Place the meditation cushion in a comfortable spot in the room. It is best to use a cushion with a slightly elevation at the back. This will help keep your back straight. Alternatively, fold a bath towel to your preferred thickness (e.g. 3-4 inches) and place it on the back half of the cushion.
Next, sit comfortably on the meditation cushion in the Seven Point Meditation Posture described below.
Cross your legs according to any of the three positions below, according to what is most comfortable for you. As you improve, you may also progress from the basic cross-legged position to the full lotus position.
Those who are unable to sit on a meditation cushion may sit on a chair, with a straight back and legs bent at a 90-degree angle.
Back and Neck
When meditating, the back should be kept straight, which is good for the circulation of qi and blood in the main channels of the body. This also contributes to sharpening the senses.
The neck should be tilted slightly forwards. As a rough guide, slowly drop your chin about one inch. The neck muscles will relax when the neck is in the correct position.
Place your right hand on top of your left hand with palms facing upwards, and allow your arms to rest gently on your lap. Touch your thumbs together gently. This is called the Dhyani mudra (hand position) of meditation and concentration.
Mouth and Tongue
The cheek muscles should be relaxed and the mouth kept closed. Touch the tip of the tongue to the upper palette, just behind the teeth. This will prevent thirst during longer meditation sessions.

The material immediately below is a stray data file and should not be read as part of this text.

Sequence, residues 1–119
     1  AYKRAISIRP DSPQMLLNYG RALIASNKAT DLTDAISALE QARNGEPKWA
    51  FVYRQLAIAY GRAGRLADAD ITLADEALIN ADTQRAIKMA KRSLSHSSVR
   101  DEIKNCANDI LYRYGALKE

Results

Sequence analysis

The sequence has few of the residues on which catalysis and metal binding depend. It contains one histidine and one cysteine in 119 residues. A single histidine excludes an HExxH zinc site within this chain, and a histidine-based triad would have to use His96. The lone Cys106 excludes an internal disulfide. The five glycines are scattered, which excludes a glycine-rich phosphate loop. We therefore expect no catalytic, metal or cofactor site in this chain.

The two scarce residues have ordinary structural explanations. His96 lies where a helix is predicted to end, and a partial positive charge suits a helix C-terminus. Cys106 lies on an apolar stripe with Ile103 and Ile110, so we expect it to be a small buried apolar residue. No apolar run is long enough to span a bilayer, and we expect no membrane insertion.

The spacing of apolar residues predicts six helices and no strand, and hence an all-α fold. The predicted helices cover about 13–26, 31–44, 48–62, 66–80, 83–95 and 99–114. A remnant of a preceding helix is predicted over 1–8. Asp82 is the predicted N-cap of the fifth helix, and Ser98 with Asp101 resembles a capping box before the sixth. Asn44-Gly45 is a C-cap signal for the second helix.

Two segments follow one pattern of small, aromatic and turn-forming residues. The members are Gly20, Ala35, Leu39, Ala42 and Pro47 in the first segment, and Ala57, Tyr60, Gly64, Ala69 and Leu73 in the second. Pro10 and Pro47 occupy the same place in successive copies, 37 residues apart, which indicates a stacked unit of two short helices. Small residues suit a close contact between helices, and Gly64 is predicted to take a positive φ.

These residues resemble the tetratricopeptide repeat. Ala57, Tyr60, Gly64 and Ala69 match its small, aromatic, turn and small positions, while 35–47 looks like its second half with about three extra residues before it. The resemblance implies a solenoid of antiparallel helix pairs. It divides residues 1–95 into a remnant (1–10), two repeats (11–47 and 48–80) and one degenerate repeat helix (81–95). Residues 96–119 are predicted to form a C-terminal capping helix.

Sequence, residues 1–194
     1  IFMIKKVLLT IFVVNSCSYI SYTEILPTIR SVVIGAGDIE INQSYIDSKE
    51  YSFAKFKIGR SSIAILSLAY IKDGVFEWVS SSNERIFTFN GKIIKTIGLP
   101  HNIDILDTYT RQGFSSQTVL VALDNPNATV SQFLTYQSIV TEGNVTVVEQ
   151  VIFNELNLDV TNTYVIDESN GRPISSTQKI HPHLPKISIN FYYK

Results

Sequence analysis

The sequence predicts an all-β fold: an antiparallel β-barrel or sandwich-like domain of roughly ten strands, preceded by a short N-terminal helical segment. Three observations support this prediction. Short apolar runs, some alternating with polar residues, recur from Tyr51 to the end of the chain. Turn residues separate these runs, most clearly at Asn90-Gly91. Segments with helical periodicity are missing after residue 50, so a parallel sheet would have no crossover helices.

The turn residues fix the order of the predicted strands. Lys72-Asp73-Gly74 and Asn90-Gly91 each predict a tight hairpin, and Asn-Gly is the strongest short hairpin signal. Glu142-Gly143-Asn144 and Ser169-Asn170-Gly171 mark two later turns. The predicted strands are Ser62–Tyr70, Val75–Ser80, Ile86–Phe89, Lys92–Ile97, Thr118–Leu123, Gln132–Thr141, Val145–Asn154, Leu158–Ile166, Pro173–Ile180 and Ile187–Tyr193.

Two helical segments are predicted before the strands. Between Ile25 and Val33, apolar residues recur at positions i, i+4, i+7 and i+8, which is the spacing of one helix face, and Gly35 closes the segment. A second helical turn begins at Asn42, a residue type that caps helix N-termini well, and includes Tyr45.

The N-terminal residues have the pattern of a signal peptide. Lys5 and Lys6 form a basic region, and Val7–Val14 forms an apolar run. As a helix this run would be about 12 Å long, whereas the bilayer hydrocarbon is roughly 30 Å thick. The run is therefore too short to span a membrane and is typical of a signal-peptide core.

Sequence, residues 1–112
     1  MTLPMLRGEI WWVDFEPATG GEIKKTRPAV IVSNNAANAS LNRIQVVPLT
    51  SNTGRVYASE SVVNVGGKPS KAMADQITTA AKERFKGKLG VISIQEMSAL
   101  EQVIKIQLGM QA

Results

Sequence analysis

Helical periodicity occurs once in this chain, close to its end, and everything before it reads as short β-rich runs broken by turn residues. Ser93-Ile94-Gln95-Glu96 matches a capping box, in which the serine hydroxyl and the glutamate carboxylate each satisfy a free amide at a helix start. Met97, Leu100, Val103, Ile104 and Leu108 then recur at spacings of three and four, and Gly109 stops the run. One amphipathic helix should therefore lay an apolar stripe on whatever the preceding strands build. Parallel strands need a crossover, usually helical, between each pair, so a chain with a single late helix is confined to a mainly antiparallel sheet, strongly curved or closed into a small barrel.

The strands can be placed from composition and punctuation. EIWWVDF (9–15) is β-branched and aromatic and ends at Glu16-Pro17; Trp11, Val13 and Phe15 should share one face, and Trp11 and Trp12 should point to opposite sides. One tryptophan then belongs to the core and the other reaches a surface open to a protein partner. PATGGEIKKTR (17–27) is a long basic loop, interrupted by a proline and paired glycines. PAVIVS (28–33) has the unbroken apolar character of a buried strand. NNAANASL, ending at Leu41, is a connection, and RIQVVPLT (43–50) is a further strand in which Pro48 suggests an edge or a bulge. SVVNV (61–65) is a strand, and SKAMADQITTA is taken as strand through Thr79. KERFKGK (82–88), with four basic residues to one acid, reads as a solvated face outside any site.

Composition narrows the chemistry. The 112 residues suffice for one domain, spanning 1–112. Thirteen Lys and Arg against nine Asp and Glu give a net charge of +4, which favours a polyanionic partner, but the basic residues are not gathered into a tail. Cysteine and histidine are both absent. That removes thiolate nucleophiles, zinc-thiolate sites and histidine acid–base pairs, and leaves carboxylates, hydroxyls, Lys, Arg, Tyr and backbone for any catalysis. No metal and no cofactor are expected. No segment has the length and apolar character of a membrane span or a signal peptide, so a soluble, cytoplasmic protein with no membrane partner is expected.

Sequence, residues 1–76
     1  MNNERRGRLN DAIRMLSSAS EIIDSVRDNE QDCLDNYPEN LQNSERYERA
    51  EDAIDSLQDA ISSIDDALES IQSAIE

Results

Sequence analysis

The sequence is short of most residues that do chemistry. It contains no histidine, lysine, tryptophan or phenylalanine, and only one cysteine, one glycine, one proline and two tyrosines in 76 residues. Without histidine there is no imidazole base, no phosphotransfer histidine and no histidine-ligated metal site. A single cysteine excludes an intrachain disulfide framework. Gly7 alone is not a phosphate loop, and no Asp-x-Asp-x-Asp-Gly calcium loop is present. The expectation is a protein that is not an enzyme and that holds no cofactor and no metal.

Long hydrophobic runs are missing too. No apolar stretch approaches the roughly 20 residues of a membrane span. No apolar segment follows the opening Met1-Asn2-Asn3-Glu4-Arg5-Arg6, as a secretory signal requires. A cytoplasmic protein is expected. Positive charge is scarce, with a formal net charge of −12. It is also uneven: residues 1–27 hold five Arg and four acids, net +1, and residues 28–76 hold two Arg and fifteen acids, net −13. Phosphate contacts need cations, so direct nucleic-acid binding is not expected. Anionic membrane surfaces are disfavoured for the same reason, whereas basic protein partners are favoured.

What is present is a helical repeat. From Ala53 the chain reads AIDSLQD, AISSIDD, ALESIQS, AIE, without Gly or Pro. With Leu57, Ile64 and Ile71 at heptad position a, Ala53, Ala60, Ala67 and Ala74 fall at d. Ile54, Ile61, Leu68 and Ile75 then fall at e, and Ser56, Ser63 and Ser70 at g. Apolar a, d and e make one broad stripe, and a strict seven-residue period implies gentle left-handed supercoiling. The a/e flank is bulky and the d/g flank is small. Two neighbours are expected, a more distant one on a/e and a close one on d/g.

The eyes should be partly open, looking towards the tip of the nose. This prevents meditators from dozing off and at the same time reduces the distraction from the surrounding environment.
After assuming the Seven Point Meditation Posture, set the motivation for the meditation session. This can be anything from maintaining a state of mental sharpness and clarity so that you can face a busy day filled with important meetings, to simply wishing to create joy and peace for everyone you meet throughout the day.
With the motivation established, begin the Nine Round Breathing Exercise. Done correctly, this simple meditation will immediately make you feel more alert. When combined with certain visualizations, it can also relieve both physical and emotional pain and discomfort. Upon completion of the Nine Round Breathing Exercise, enter into meditation on the breath where you focus your attention single-pointedly on the sensation of air entering and exiting the tip of your nostrils. Do this meditation for about 10 minutes
At the end of the meditation session, slowly raise your eyes then mindfully stand up.